One of the major complaints animal activists lodge against testing drugs ultimately meant for humans on other species is that few substances actually translate between monkey and men or mice and men.
“Mice predict the effect (of a substance) on humans with about 43 per cent efficiency,” said Dr. Thomas Hartung, director of the Center for Alternatives to Animal Testing at Johns Hopkins University.
Overall, nine of 10 drugs tested in mice and other animals wind up not working on people. Researchers like Hartung look for new methods to screen chemicals for toxicity and medicines for human benefit that don’t involve animals.
While those efforts are making some progress, biomedical research in the United States continues to use up to 100 million lab animals a year — almost all of them rats and mice. Scientists say they can’t just run tests on genes or cell cultures — they have to see how things work in complete organisms. Over the past few decades, gene splicing has allowed researchers to customize and standardize all sorts of traits in lab animals, particularly rodents, to make them better models for various diseases.
At the same time, there have been advances in allowing lab animals to be more normal and natural, which may lend more relevance to the results.
Called “enrichment,” the field generally addresses anything that people can do to make life more interesting, less sterile or less stressful for animals confined to a cage or pen.
When it comes to the well being of mice, one of the more savvy scientists is Joseph Garner, an associate professor of comparative medicine at Stanford University who has studied nesting behaviour in lab mice for nearly seven years. One of the things he has learned is that mice want to control their environment as much as possible. In particular, lab mice are usually cold — labs are typically kept between 20 and 23C, but mice are happiest in the mid- to-upper 27s.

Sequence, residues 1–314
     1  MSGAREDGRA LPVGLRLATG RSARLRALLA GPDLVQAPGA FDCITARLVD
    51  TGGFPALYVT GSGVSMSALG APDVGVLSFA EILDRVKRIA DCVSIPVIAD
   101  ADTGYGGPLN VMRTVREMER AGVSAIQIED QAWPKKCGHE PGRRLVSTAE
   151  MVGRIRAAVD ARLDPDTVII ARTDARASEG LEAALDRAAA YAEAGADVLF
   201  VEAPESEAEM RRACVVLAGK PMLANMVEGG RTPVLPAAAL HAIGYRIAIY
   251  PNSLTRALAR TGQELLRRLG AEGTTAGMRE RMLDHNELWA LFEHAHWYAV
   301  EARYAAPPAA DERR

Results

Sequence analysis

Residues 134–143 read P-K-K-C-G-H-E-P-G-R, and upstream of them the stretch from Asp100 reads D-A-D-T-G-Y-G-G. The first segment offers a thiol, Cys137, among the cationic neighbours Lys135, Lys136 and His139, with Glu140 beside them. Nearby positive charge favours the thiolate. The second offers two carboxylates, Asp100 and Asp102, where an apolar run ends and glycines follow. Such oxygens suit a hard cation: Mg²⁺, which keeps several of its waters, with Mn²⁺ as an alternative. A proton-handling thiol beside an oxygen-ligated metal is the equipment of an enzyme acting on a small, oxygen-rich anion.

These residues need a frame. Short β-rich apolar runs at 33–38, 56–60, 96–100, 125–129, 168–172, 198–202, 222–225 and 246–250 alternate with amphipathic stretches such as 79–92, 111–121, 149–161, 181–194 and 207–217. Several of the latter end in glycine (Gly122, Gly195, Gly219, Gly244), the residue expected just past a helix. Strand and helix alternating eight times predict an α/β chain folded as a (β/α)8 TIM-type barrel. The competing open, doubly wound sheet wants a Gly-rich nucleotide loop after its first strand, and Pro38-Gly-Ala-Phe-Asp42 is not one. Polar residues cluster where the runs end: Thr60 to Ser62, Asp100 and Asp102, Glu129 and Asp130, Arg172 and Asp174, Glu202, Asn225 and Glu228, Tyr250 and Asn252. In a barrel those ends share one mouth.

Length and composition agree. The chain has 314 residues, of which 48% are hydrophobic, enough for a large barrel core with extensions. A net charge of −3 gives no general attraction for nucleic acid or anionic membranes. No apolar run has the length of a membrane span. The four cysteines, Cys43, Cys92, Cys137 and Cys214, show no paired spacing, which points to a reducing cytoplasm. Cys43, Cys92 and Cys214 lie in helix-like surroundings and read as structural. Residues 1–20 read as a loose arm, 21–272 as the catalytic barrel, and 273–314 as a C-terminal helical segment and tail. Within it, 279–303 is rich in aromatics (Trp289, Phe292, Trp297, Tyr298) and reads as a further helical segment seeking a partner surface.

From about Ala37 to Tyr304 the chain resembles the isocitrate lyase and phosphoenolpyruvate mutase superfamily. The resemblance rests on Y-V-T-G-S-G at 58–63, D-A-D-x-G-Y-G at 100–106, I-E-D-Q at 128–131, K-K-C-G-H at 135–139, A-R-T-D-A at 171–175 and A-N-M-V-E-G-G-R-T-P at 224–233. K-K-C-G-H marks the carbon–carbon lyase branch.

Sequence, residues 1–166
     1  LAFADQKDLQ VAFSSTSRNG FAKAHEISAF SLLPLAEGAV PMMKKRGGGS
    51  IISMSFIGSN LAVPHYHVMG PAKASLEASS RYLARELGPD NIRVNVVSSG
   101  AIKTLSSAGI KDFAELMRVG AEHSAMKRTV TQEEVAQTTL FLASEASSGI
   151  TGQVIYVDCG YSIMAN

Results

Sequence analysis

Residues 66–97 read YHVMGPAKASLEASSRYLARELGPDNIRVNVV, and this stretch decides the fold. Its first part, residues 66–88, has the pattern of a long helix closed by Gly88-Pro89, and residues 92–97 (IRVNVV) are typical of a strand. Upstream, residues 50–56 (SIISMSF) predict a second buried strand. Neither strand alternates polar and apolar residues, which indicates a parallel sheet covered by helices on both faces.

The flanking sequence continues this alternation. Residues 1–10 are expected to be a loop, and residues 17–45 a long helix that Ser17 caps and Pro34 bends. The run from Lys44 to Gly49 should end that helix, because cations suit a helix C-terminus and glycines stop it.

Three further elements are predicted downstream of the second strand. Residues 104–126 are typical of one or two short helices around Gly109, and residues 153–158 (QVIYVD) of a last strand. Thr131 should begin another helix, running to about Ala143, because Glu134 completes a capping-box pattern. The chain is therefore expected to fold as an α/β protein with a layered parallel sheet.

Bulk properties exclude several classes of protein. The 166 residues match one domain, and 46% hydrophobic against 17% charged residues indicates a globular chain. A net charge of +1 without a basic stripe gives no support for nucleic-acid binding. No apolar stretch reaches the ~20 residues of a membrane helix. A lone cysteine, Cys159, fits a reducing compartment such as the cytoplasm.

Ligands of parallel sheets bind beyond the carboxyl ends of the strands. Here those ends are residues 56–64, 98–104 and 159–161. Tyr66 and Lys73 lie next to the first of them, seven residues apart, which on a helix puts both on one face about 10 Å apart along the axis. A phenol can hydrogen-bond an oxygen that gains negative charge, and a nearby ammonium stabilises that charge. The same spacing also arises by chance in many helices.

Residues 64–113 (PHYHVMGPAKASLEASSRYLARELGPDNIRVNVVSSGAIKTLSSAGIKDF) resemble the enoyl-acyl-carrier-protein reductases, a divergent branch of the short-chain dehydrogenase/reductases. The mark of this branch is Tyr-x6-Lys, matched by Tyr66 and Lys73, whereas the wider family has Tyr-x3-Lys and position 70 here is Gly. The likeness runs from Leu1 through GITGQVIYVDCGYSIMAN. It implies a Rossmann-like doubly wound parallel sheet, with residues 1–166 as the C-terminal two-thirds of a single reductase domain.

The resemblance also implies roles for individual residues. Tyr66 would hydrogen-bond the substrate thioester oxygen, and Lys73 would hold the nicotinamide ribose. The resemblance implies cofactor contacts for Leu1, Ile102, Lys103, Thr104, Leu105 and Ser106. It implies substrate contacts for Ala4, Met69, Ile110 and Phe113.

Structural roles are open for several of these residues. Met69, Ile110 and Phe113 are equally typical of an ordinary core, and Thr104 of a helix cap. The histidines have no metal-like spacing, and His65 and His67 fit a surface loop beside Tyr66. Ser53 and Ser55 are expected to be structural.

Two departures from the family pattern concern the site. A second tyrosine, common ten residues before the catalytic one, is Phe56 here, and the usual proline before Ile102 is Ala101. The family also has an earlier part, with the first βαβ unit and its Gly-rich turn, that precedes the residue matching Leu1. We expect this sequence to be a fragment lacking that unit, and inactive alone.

The solution, Garner, Briana Gaskill of Charles River Laboratories and colleagues found in a new study, is to give the animals enough insulating nesting materials that they can cozy up and regulate their temperature.
“If you want to design a drug that will help a patient in a hospital, you cannot reasonably do that in animals that are cold-stressed and are compensating with elevated metabolic rates,” Garner said in a statement on the results. Burning through calories speeds up many physical processes, including how fast the liver breaks down a drug, which makes it even more likely that the drug will function differently between mice and humans, the researcher noted. The experiment, reported last month in the online journal PLoS One, gave mice of three common strains the choice of two cages linked by a plastic tube. One cage was always 20 degrees, but equipped with shredded paper to build nests; the other cage was kept at one of six temperatures from 20 to 35, but with no nesting material.
Although there were some differences among the strains, the mice generally went for the warmest spot and a nest to go with it. Many rodents would spend hours moving paper to a cage that was already toasty, suggesting that a nest offers some comfort or privacy that decreases the animals’ anxiety and stress levels, Garner said.
Keeping stress levels down is important for lab animals because it can bump up so many vital signs, from body temperature to blood glucose and insulin levels. Often, experiments are designed to induce some level of stress in test animals to measure the effect on the brain or immune system. But researchers can trigger stress simply by picking up an animal, skewing the impact of the actual test.
Researchers in England pointed out in the journal Nature Methods in 2010 that the standard practice of grabbing mice by their tails produced the most distress, and showed it was preferable to either scoop them up in a gloved hand or allow them to walk into a small plastic tube for transport.
The University of Liverpool scientists got an additional grant from the Wellcome Trust to teach their mouse-handling tricks to other researchers.
Lee Bowman is a science and health writer for Scripps Howard News Service. Contact Bowman at BowmanL@shns.com